ClinVar Miner

Submissions for variant NM_001035.3(RYR2):c.839T>C (p.Leu280Pro) (rs794728716)

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Total submissions: 1
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Submitter RCV SCV Clinical significance Condition Last evaluated Review status Method Comment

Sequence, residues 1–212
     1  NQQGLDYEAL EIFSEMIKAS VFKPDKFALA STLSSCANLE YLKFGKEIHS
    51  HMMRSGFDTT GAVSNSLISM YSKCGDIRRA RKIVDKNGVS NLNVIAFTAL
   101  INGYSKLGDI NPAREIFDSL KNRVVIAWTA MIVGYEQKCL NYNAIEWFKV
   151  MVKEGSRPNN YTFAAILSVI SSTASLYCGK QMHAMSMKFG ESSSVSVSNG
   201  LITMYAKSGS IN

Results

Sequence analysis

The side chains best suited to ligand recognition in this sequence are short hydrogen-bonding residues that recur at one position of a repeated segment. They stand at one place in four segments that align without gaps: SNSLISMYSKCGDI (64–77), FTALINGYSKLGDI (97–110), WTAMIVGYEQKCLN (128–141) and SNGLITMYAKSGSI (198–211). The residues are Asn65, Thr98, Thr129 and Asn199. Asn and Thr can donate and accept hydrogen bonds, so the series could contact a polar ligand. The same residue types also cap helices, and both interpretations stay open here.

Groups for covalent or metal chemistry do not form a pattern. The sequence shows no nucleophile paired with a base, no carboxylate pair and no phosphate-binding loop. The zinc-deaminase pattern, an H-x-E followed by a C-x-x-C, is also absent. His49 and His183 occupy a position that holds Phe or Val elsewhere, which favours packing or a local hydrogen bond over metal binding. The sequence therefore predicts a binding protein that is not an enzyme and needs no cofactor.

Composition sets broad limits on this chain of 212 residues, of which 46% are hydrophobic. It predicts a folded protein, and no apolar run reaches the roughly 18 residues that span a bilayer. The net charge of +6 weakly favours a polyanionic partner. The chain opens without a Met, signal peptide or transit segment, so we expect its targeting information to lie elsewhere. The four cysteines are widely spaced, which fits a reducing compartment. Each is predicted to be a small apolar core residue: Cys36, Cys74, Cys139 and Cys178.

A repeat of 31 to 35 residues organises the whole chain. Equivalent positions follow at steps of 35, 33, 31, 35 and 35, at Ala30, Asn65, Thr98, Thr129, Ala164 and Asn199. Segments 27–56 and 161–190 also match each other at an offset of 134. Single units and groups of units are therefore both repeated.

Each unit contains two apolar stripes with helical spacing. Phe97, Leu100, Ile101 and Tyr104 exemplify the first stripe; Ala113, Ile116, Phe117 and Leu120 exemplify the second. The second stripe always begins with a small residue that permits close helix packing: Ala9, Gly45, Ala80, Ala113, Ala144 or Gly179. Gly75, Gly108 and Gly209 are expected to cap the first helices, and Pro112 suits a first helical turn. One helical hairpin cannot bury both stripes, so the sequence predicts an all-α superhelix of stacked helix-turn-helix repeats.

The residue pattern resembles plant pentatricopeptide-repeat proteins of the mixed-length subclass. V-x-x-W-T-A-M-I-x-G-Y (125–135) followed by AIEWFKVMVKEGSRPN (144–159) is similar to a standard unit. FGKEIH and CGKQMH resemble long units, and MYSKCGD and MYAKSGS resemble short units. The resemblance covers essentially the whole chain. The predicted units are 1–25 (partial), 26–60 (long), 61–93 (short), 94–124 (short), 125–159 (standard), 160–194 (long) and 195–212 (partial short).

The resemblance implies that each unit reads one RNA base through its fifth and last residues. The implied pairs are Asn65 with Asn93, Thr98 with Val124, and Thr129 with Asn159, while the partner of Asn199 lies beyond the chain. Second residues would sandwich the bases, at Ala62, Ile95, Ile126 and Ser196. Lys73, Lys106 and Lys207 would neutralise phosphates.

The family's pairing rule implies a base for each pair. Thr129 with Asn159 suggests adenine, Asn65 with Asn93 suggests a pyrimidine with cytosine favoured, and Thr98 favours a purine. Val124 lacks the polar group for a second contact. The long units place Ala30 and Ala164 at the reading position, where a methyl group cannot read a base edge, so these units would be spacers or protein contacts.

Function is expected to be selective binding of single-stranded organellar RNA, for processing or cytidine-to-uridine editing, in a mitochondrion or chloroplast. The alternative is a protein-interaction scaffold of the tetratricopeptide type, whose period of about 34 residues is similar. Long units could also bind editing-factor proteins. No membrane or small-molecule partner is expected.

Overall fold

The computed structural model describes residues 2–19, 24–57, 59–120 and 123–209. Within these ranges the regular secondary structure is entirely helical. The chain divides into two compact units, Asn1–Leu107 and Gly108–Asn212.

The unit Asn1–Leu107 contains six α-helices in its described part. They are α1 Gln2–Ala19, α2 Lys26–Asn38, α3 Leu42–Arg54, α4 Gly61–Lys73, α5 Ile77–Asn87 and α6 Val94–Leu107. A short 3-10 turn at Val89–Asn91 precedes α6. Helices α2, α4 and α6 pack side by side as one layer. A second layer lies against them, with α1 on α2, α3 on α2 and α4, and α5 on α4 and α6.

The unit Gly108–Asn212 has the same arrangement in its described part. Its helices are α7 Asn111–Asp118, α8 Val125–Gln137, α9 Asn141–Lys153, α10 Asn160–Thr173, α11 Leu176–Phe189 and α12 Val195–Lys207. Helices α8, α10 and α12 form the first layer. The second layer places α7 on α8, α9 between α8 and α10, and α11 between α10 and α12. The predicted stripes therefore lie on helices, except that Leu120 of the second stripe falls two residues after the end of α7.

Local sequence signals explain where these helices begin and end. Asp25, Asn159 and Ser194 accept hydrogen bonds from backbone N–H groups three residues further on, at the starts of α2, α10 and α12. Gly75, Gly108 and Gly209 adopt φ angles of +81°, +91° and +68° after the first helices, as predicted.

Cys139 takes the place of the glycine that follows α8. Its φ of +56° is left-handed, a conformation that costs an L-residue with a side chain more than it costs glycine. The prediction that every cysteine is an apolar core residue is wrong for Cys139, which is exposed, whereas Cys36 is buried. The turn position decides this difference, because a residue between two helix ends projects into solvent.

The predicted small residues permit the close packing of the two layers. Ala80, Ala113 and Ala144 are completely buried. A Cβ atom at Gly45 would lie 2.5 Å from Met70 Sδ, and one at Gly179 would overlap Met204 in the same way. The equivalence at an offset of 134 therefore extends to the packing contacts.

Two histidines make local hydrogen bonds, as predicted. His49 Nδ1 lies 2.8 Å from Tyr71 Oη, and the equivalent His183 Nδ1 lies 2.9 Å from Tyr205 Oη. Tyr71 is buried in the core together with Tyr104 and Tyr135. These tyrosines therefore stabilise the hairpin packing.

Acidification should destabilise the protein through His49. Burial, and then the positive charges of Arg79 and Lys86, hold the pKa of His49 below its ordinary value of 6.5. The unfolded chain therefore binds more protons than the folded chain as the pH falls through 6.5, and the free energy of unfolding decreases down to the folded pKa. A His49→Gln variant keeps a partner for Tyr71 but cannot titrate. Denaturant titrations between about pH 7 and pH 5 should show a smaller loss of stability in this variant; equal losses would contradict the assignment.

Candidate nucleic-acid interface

GeneDx RCV000182669 SCV000235048 uncertain significance not provided 2013-12-13 criteria provided, single submitter clinical testing p.Leu280Pro (CTA>CCA): c.839 T>C in exon 11 of the RYR2 gene (NM_001035.2). The Leu280Pro variant in the RYR2 gene has not been reported as a disease-causing mutation or as a benign polymorphism to our knowledge. Leu280Pro results in a semi-conservative amino acid substitution of a non-polar Leucine with a non-polar, sterically constrained Proline at a position that is conserved across species. In silico analysis predicts Leu280Pro is probably damaging to the protein structure/function. Furthermore, the Leu280Pro variant was not observed in approximately 6000 individuals of European and African American ancestry in the NHLBI Exome Sequencing Project, indicating it is not a common benign variant in these populations. Leu280Pro is located in the N-terminal hotspot region of the RYR2 gene (Medeiros-Domingo A et al., 2009); however, no mutations in nearby residues have been reported in association with arrhythmia. With the clinical and molecular information available at this time, we cannot definitively determine if Leu280Pro is a disease-causing mutation or a rare benign variant. Arrhythmogenic right ventricular cardiomyopathy (ARVC) is primarily an autosomal dominant disease characterized by progressive fibrofatty replacement of the myocardium that predisposes to ventricular tachycardia and sudden death (McNally E et al., 2009; Nava A et al., 2000). ARVC is most frequently caused by mutations in the genes encoding desmosomal proteins, complexes that maintain cell-to--cell connections and provide mechanical attachments among adjacent cells. Less commonly, ARVC may be caused by mutations in genes that encode proteins that maintain calcium homeostasis (McNally E et al., 2009). At least 11% of patients with autosomal dominant arrhythmogenic right ventricular cardiomyopathy were reported to have a mutation in the PKP2 gene (McNally E et al., 2009). Approximately 50% of patients with autosomal dominant Catecholaminergic Polymorphic Ventricular Tachycardia (CPVT) have been reported to have a mutation in the RYR2 gene, while mutations in the RYR2 gene associated with ARVC are rare (McNally E et al., 2009; Napolitano C et al., 2012). The variant is found in ARVC panel(s).

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